Mental health first aid kits (Photo courtesy of Becky Turland)

Petersburg Mental Health Services have been busy this year giving out flowers to those at the forefront of the community’s pandemic response and mental health kits by the hundreds to kids and adults throughout the community. The non-profit has used emergency grant money to spread a message of gratitude.

Mental Health’s officer manager Becky Turland said the non-profit initially started this year with a distribution to 12 community members who received flowers and gift bags.

“Our people that are making some of the big decisions and doing a lot of our community works, a lot of stress is going in and witnessing and seeing it and feeling it first hand for ourselves going through it, so we kind of wanted just to show our appreciation to these people,” Turland said, adding, “and from there was key people that we started with and from there we thought’d be kind of a fun idea or project to show it to our community and to show that we’re all tied together and there is a lot to be grateful for even during the pandemic that we’re in.”

Those initial 12 recipients were each asked to name two others in the community to receive flowers and the program grew as each recipient named others. Turland said so far 146 people have been surprised with flowers and there are about 55-60 people still on the list.

“The isolation for a lot of people has been really hard,” said PMHS rehab associate Alex Helms said. She and Turland also got their children involved with the project. “It’s been fun to gift people something that wasn’t expected and spreading some joy. The children participated. It was really neat for them also to be able to give and not expect anything back but also telling them how much the community does for us. So each of these people that we were gifting to had a story to share and it was really fun.”

The project captured photos of recipients in an online slide show and a local artist is also expected to portray the community connections from the project. But it’s not the only giving that the non profit has focused on this year. Kids and adults throughout the community have received yellow bags with gifts from local businesses, treats and instructions for staying healthy and reducing stress. Turland and Helms have put together hundreds of these mental health first aid kits.

“So it was kind of a pulling of a bunch of different ideas and thoughts of needing to bring awareness of our mental health showing that we are grateful for a multiple array of people and the services they’re providing and also with children letting them know that there are things that we can do currently that can help,” Turland explained. “So even if a quarter of the people look through that paperwork, I think our mission was accomplished.”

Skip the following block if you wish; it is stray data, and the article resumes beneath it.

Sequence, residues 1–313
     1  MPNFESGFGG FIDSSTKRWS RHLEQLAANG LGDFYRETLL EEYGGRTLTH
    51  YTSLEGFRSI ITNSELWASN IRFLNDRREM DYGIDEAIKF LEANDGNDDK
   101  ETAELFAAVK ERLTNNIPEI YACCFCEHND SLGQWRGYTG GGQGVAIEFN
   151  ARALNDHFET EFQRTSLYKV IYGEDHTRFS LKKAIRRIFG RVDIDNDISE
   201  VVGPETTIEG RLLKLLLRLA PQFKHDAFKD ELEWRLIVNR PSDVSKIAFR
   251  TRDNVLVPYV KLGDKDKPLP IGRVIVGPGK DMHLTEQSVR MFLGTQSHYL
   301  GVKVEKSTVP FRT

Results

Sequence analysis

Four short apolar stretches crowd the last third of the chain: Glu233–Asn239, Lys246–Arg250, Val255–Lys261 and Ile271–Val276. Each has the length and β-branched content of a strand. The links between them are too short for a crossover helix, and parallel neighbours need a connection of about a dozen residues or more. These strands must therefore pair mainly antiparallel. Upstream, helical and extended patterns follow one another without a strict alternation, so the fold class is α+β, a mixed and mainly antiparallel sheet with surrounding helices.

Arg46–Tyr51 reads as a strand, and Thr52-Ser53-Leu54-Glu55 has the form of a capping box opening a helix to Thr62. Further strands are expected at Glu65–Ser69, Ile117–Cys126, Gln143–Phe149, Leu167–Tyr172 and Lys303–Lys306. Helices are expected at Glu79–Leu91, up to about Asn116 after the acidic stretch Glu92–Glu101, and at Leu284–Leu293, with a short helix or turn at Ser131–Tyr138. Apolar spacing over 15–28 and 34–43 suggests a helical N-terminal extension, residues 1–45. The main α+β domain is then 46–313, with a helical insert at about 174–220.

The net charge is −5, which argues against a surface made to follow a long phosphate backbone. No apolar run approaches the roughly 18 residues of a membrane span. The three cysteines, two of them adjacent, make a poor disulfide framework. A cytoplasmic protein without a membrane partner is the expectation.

She estimated they’ve given out about 1,300 bags.

Helms explained that the gifts are different depending on where they’re distributed.

“So the elementary kids would have some extra in there about designing your own mask and how to properly wear your ask and how to wash your hands properly,” Helms said. “And then let’s say when we handed out to the hospital, there’s some information on there on compassion fatigue and grounding and meditation and things that we can do to kind of stay centered right now.”

PMHS has used six different funding sources for its giving programs, including coronavirus emergency grant money for local non-profits from the borough government. They’ve also taken on the application process for the borough’s child care assistance grants. That program makes monthly payments of as much as 600-700 dollars a month through the end of the year for both pre-school and day care. Turland said local families have used that support.

“So for October we were able to cover a majority of the need,” Turland said. “What came in as the need we rounded it down to the nearest hundred and we were able to cover most of that. However the need that was in September was higher than what we could do so we did a formula and we basically paid about 90 percent of the ask, of the need. So it was a huge help and with our economy and I could say that’s one of the best decisions our assembly has passed for our community right now, as a whole I think.”

Petersburg Mental Health has also have handed out around 60 hygiene kits in the community and have been making food pantry items available for outside pick up. They’re planning other programs, like a family dinner and activity project to help families stay connected and a winter sock drive.